Stop mithering!"

Pete also points to 


But strangely he didn't think of: 

"repetition in the music and we're never going to lose it"

(also a lovely little nod to "Blank Generation" in the fade)

And then this one

About which M.E.S. said (to Barney Hoskyns, in 1981)

"And also, a lot of those kids who went to the Wigan Casino ... this is what 'Lie Dream Of The Casino Soul' is about ...y'know those kids are not interested in rock at all, it's fuckin' tragic. Young, healthy kids ... I mean, that's why record sales are going down, coz it's lot of shit, man, and of course these kids think of The Fall as the same as all these other pretentious groups." 

From which I get the sense he meant "what a waste of good sulphate" up all those Northern nostrils, when they could and should have been soundtracking their speeding with Can, VU...  and The Fall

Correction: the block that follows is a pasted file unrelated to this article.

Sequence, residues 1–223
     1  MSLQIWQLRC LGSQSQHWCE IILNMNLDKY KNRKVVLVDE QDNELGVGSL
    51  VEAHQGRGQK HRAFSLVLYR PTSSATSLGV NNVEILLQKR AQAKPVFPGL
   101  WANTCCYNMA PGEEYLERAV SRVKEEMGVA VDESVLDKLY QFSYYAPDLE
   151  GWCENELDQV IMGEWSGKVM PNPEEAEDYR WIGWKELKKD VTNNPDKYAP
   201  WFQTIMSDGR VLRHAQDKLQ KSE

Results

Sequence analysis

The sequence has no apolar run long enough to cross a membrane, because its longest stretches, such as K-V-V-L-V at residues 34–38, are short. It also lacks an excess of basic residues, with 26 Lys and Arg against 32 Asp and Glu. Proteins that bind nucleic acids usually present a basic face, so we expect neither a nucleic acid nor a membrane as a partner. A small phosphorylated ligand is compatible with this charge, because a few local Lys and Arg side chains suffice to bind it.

I'm sure there's many other Fall candidates that are slipping my mind

"Lie Dream" reminded me of The Mekons circa "The Dream and Lie of..." and Rock and Roll

"So blow
Blow your tuneless trumpet the choice is yours
We don't want the glamour the pomp and the drums
The Dublin messiah scattering crumbs"

 - have a guess who that's about!

Kevin Quinn, comes again, with this one, a bonanza of name-checks to peers and rivals

"Aside from the ‘Rolling Stones from Liverpool’ line this is a perfect nod to their peers and rivals (I can’t help but hear snark in there, maybe it’s just me)"

Ben Squires, who we saw earlier, back with a few more